Community radio is fundamentally not a technical enterprise, but a venture into building humanity. The WPVM FM project returns media to treasured and traditional person-to-person connections – especially as new technologies increase isolation. It reminds us that radio remains relevant even in the digital age.
Community radio is when local people produce and broadcast their own programs and participate in operating the station. It is community space for people to meet and collaborate. It is extraordinarily fun and often life-changing. It typically leads to individual creativity and self-empowerment. Participants find it extraordinarily satisfying, not just to make radio in this unique fashion, but to also help transform community life.
Community radio is a world-wide phenomenon. Its roots date back to the late 1940s when it was introduced as a way to offer media access to union members and their families during a labor strike in Bolivia. In 1949, Pacifica Foundation established the first community radio station in the United States. Since then, this vibrant media movement continues to spread throughout the world—from Western countries to remote third-world communities. The urge to do community radio fulfills the basic desire for communication and self-expression and is on the forefront of today’s democracy movements. Typically, two principal aims are achieved:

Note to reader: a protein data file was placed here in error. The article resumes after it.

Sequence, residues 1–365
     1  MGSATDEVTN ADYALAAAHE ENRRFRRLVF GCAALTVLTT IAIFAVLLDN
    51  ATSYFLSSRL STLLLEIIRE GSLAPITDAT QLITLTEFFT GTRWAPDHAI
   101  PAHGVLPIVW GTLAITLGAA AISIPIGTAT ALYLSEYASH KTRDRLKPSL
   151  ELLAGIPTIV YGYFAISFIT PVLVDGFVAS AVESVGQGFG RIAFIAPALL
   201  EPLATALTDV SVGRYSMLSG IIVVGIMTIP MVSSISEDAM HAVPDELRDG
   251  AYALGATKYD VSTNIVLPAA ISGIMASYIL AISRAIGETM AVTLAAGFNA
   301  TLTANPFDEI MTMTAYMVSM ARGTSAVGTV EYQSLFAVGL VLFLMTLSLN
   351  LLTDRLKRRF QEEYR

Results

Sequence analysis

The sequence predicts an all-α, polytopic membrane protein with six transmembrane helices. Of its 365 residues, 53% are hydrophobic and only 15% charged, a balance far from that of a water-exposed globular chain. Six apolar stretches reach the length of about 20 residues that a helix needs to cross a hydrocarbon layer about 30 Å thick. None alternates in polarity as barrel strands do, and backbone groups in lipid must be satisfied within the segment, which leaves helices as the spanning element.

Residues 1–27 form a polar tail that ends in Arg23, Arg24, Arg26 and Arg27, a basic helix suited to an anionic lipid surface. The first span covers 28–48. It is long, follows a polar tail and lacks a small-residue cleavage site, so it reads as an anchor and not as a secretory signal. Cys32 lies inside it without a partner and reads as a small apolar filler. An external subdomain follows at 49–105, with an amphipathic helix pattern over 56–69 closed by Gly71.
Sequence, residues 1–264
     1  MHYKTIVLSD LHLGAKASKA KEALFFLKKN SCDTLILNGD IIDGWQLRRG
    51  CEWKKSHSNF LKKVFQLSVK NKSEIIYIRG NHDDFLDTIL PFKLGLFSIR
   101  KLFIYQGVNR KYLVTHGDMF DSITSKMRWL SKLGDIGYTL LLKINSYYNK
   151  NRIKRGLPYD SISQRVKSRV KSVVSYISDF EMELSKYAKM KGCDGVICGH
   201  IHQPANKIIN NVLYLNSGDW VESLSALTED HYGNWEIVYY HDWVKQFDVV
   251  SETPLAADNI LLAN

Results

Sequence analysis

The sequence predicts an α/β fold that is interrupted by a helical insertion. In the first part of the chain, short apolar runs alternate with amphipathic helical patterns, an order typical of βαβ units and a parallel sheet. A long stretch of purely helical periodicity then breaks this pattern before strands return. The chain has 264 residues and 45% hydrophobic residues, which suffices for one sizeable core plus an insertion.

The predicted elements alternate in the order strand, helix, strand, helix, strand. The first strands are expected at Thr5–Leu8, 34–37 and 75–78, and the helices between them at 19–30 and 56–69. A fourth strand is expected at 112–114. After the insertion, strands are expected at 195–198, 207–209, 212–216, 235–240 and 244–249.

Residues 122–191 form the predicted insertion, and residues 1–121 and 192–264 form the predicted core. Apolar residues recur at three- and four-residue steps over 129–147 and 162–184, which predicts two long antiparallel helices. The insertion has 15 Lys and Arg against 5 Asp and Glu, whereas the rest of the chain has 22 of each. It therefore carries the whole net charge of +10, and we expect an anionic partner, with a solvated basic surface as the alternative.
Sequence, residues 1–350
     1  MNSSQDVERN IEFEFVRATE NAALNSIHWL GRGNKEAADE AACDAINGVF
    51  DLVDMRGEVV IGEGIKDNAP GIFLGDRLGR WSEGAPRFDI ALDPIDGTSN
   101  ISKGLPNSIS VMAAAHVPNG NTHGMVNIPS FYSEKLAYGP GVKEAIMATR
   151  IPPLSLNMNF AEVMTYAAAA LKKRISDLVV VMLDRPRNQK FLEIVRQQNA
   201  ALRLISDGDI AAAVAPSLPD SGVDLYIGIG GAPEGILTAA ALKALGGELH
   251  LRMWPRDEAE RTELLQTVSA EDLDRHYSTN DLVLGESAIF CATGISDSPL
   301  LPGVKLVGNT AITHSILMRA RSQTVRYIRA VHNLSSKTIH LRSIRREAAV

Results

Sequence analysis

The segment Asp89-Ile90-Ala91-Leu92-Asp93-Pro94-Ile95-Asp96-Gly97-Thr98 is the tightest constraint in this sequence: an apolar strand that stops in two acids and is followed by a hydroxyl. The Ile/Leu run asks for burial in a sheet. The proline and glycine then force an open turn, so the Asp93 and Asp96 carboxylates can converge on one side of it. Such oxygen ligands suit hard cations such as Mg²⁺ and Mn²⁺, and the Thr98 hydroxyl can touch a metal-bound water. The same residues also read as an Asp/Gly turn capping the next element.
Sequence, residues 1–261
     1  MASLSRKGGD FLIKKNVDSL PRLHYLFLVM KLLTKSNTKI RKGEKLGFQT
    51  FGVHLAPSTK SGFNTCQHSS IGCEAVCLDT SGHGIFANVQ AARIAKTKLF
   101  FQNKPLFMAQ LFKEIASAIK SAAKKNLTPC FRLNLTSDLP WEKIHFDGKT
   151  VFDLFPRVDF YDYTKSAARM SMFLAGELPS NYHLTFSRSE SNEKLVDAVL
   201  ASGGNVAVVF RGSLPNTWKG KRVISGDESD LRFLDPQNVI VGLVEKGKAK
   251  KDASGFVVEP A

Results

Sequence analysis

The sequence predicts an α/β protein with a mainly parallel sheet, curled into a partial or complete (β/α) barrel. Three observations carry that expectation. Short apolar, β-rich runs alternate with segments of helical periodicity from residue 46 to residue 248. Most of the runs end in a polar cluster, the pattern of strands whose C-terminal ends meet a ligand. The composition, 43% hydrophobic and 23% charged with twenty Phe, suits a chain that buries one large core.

- Cultural, political and artistic voices excluded elsewhere get heard.
- Individuals and communities are enriched.
Community volunteers are trained and given a central role in radio production, operation and program development. Youths also get a chance to participate. Stations remain responsive to community needs and consistently seek input from listeners.
Benefits of Community Radio
Community radio is known for greatly improving a community’s quality of life. This claim is substantiated by research conducted by Dr. Richard Florida of Carnegie Mellon University. In his book “Competing in the Age of Talent: Quality of Place and the New Economy” Florida explains how “quality of place” influences peoples’ choice to move to a particular community. Based on data collected on labor pools, environment, recreational opportunities, cultural amenities, and the economies of 35 metropolitan areas, Florida made the following conclusions:
- Communities perceived as being inclusive, supportive of diversity, and possessed of a climate of “cultural variety” attracted skilled, innovative workers more effectively.
- Communities encouraging diversity and participatory civic culture—and possessed of highly developed cultural and environmental amenities—enjoyed long-term success in retaining talent.
- Sociological and environmental factors are increasingly as important as—if not more important than—economic factors in generating and sustaining regional health.
WPVM’s mission and goals encourage improved communication, inclusiveness, and access to diverse ideas. As described by Dr. Florida’s research, these goals translate into va